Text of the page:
Accordingly, a need exists for a front-loading medical injector and a syringe of special construction so that the syringe can be readily and securely front-loaded directly and accurately in a desired position on the injector, thereby facilitating the loading-unloading operation, and a primary purpose of this invention is to provide such an arrangement with its various attendant advantages. Further, in certain instances, it is desirable that the syringe not be enclosed in a pressure jacket, in order that an operator be able to view the status of the syringe visually during an injection operation. By allowing the operator to see the syringe, the operator can, e.g., determine whether the syringe is empty or full, determine if it is being filled too fast and/or introducing too many air bubbles, when the syringe is filled, and the amount of contrast that has been delivered or remains in the syringe during a procedure. Another purpose of this invention is, in one embodiment, to provide an injector apparatus of such construction.
SUMMARY OF THE INVENTION
In general, in accordance with the invention, a readily releasable mechanism is provided for supporting a syringe on a front wall of an injector housing for an injection operation. For this purpose, the readily releasable mechanism includes at least one retaining portion on the mounting mechanism releasably engageable with a mating retaining portion on the syringe. Further, an actuating mechanism of the injector includes a drive member which is connectable to a plunger in the syringe for controlling the movement of the plunger in the syringe.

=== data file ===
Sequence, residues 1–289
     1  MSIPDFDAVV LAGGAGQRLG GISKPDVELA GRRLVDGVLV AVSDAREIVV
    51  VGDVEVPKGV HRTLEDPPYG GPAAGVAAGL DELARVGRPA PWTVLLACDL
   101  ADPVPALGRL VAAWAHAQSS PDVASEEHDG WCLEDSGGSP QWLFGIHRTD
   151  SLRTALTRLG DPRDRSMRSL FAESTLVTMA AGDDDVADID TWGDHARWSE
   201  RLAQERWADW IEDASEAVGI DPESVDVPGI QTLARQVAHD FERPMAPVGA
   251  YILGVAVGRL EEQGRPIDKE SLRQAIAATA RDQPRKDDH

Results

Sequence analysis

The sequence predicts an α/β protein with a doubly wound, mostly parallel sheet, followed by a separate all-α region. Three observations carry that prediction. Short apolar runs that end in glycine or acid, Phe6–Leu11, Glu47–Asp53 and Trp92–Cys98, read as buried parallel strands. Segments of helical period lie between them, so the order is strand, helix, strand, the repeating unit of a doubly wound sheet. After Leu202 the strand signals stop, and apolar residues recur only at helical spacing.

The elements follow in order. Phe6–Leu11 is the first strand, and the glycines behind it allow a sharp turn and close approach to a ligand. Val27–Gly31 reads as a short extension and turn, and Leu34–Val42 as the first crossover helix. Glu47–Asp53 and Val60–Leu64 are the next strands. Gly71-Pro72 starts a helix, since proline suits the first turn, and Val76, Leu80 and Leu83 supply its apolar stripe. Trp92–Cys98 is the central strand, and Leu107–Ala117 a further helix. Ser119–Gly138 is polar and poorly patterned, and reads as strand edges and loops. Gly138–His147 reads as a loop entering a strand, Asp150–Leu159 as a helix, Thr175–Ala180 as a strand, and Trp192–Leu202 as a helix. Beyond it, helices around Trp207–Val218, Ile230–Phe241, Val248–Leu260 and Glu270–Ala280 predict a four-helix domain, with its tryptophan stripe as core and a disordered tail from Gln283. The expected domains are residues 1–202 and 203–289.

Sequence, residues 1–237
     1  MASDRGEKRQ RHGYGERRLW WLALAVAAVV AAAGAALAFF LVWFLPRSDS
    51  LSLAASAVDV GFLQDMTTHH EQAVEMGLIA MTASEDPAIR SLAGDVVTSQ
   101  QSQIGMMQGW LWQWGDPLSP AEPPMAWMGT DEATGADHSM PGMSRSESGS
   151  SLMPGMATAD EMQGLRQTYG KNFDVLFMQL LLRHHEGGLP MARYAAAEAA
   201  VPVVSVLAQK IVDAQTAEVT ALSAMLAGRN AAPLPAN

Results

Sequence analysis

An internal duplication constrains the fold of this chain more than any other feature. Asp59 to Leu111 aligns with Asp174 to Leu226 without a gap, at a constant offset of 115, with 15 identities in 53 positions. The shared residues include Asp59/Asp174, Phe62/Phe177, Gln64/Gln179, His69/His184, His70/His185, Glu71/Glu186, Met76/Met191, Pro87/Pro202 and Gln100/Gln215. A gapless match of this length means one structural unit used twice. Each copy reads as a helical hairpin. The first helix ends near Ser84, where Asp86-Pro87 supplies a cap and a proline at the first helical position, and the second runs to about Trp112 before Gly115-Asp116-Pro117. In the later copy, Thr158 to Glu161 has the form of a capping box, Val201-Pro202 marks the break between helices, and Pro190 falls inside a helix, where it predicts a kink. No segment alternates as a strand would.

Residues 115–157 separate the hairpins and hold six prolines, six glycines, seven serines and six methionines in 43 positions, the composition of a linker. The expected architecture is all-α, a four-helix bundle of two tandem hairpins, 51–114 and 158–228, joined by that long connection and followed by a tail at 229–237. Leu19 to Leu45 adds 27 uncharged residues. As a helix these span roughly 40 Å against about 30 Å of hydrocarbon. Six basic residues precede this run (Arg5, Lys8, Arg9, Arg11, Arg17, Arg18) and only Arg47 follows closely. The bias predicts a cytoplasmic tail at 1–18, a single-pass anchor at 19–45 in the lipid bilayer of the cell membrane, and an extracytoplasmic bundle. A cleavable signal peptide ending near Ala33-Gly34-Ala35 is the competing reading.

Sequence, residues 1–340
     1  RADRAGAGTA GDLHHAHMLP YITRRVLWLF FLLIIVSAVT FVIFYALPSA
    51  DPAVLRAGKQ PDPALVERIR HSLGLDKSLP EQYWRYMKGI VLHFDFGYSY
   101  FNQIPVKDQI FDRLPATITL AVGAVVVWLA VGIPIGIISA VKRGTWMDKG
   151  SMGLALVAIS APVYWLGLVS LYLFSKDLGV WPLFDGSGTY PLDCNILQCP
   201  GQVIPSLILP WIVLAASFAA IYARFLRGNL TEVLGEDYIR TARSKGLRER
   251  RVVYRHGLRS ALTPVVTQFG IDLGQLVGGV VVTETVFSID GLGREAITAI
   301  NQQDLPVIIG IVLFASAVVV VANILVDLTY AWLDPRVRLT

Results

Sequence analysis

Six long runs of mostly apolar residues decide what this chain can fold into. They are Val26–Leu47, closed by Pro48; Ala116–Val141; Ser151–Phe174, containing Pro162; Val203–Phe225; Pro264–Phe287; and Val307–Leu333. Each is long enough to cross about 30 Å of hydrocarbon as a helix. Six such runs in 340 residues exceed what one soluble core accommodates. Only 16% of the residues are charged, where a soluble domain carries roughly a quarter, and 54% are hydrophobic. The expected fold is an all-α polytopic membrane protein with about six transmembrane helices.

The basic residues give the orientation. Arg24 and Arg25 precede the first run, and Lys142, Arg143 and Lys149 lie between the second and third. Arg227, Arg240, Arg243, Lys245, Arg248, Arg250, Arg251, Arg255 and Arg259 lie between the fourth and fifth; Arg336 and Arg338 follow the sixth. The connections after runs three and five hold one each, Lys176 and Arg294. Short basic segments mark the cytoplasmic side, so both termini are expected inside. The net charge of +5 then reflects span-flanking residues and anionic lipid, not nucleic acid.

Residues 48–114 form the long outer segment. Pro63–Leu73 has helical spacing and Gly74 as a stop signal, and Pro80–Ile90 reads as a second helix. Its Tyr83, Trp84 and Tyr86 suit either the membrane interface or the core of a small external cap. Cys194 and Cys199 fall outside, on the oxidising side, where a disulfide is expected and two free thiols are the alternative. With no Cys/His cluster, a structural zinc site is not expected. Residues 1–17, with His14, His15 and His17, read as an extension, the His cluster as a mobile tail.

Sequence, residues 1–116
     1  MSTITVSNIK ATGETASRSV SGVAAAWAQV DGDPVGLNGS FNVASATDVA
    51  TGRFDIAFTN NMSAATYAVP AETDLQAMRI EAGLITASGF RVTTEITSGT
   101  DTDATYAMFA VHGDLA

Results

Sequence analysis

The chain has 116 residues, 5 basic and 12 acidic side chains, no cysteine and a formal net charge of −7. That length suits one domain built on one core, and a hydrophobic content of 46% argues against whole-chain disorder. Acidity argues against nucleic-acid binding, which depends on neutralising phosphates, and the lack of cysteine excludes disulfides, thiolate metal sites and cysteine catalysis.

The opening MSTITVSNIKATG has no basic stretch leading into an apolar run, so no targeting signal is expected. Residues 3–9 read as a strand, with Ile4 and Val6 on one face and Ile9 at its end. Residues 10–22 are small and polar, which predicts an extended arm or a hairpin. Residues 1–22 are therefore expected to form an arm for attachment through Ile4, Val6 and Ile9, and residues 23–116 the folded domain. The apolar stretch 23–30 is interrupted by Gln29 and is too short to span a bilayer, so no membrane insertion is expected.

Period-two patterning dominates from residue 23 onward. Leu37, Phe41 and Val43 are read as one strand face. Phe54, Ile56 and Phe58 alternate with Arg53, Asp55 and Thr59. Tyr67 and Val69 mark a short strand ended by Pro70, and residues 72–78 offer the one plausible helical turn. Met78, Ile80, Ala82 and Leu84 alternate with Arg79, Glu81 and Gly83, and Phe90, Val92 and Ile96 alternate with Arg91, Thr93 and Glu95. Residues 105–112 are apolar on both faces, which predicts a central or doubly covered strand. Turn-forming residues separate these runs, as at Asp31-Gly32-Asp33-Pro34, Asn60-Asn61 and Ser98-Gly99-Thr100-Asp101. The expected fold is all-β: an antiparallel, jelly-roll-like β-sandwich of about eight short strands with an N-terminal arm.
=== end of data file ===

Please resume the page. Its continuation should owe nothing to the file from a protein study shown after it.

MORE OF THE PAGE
More specifically, the readily releasable mechanism is an interlocking mechanism which is activated and released upon rotation of a rearward portion of the syringe relative to the front wall of the injector housing. At the same time, a second readily releasable interlocking mechanism for connecting the injector drive member to the syringe plunger, and which also is activated and released upon rotation of the syringe relative to the front will of the housing, interconnects the drive member and the plunger. The first readily releasable mechanism may comprise a mounting mechanism on the front wall of the housing having at least a pair of slots for receiving retaining flanges on the rearward end of the syringe therethrough, with the syringe then being rotated to engage the flanges behind associated retaining flanges of the mounting mechanism. The second readily releasable mechanism comprises respective radially projecting parts on the drive member and the plunger which become drivingly engaged in a similar manner upon rotation of the syringe and the plunger.
The first readily releasable mechanism may be further defined by the mounting mechanism on the injector housing front wall having an annular sealing member against which a resilient annular sealing member on the syringe becomes seated as the syringe is positioned on the mounting mechanism, with the resilient annular sealing member and the retaining flanges on the syringe receiving the retaining flanges on the mounting mechanism therebetween with an interference fit. An audible-and-tactile indicator mechanism, alignment arrows, and/or alignment dots also may be provided to detect when the syringe has been essentially rotated into its desired mounted position against suitable stops, with this mechanism then further functioning to discourage